Evaluating the quality of remote sensing-based agricultural water productivity data
Due to the COVID-19 crisis the PhD defence of Megan Blatchford will take place (partly) online.
The PhD defence can be followed by a live stream.
Megan Blatchford is a PhD student in the research group Water Resources (WRS). Her supervisor is dr.ir. C.M.M. Mannaerts from the Faculty of Geo-Information Science and Earth Observation (ITC).
The role of water in agriculture is essential and plays an important role in food security. We need to better understand how to optimise water use in agriculture to meet both global food security and water management efficiency goals. Earth observation with satellite offers the opportunity to map, monitor and better understand the dynamics of agricultural water. However, the applicability and accuracy of these observations need to be better understood. This dissertation aims to better understand the suitability of large remote sensing-based datasets for the monitoring of crop water productivity (CWP). CWP being an indicator of agricultural water efficiency.
The dissertation is composed of seven chapters.
Chapter 1 is introductory and describes; the importance of CWP in agriculture, how CWP can be monitored and the importance of understanding the accuracy of remote sensing based CWP estimates.
Chapter 2 provides and introduction to the The FAO portal to monitor WAter Productivity through Open access of Remotely sensed derived data dataset.
Chapter 3 assesses the accuracy of remotely sensed CWP against the accuracy of estimated in-situ CWP. The accuracy of CWP based on in-situ methods, which are assumed to be the user's benchmark for CWP accuracy, and the CWP derived from remote sensing methods are reviewed. CWP from non-locally parametrised studies can achieve accuracy within the error bounds of in-situ methods. However, it was shown that Uncertainty varies significantly dependent on method and application.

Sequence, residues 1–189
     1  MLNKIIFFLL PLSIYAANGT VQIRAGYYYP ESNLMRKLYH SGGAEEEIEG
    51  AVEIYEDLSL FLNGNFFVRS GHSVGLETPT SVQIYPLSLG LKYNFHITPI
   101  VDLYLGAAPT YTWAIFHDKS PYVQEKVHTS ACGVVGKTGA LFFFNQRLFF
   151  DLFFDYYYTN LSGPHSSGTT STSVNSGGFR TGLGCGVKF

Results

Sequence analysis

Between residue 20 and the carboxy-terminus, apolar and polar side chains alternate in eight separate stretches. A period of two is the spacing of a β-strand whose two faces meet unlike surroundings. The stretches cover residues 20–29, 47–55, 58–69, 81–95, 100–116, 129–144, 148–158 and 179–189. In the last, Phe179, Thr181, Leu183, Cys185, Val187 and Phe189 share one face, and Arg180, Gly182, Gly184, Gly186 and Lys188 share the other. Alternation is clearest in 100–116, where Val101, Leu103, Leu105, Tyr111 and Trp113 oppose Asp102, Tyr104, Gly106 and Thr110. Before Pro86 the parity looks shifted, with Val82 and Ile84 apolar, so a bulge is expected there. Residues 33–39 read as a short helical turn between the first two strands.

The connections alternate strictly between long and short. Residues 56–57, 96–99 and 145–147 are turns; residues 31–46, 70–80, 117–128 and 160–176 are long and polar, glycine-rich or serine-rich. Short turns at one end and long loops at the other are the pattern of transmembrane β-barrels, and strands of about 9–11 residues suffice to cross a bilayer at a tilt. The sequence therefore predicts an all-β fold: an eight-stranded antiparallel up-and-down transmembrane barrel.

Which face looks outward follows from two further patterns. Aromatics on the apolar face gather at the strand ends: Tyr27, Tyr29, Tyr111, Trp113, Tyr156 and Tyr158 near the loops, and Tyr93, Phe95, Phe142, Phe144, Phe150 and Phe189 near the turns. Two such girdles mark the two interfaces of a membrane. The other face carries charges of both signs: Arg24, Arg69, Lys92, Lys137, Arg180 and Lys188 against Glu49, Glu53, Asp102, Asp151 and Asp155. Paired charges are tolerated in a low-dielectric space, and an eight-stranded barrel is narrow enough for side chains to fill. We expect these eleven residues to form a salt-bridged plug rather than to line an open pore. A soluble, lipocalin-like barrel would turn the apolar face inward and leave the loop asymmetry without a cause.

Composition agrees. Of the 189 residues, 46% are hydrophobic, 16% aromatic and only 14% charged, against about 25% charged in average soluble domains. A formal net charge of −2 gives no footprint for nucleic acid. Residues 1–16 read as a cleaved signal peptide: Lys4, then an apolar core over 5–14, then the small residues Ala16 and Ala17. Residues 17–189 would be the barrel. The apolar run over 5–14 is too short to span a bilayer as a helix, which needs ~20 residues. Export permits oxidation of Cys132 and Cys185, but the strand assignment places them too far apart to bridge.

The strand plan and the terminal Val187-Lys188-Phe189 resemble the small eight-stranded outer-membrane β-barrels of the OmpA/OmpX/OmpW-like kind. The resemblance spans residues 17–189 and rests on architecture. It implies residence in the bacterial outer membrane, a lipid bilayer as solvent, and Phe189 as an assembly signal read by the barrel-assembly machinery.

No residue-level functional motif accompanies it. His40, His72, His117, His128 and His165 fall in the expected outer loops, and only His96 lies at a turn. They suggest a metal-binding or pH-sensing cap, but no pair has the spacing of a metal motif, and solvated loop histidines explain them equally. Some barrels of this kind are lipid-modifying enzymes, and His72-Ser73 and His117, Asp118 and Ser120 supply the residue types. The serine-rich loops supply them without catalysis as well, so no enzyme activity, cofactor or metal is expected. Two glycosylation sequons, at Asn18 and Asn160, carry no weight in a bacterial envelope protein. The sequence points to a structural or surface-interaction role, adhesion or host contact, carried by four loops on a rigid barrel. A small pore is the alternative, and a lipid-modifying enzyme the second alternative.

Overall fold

Chapter 4 evaluates the accuracy of a large remote sensing-based evapotranspiration dataset, the denominator in the CWP indicator, over Africa. The evaluation uses multiple methods to compensate for sparse ground-truth data. The dataset showed mixed results at point, daily scale to annual, basin scale, which were similar to those reported by other literature in Chapter 2. The research highlighted the risks in using these large datasets in CWP monitoring, due to the high variation in accuracy of a large dataset.
Chapter 5 quantifies the suitability of varying remote sensing-based resolutions for application in agricultural productivity. Three performance indicators, adequacy, equity and productivity are tested in five irrigation schemes for three spatial resolutions, 250m, 100m and 30m. This is frequently resulting in large differences in the irrigation performance assessment criteria for inter-plot comparisons. This is particularly noticed in irrigation schemes with the smallest field sizes. This highlights the importance of selecting the spatial resolution appropriate for to scheme characteristics when undertaking irrigation performance assessment using remote sensing input.
Chapter 6 quantifies a sample size to improve processing time of validation activities of large continental CWP datasets. A progressive sampling approach, as typically applied in machine learning to train algorithms, combined with two performance measures, was applied to estimate the required sample size. The proposed approach can significantly reduce the processing time while still providing a statistically valid representation of a large remote sensing dataset. This can be useful as more high-resolution remote sensing data becomes available.
Chapter 7 reflects on the implications of the CWP concept and how the concept itself may at times contradict the global food security and water management efficiency goals. The CWP concept can be a useful one, however, it can also be misleading. On both a local and global scale, users must reflect on the goals and select or prioritise indicators, improving CWP may not always be the most useful indicator. We need to focus on the sustainable improvement in CWP rather than the increase in CWP for sustainable agriculture.
Future studies should show how the interactions between carbon and transpiration can better be utilised as a tool in understanding the quality of agricultural water monitoring datasets.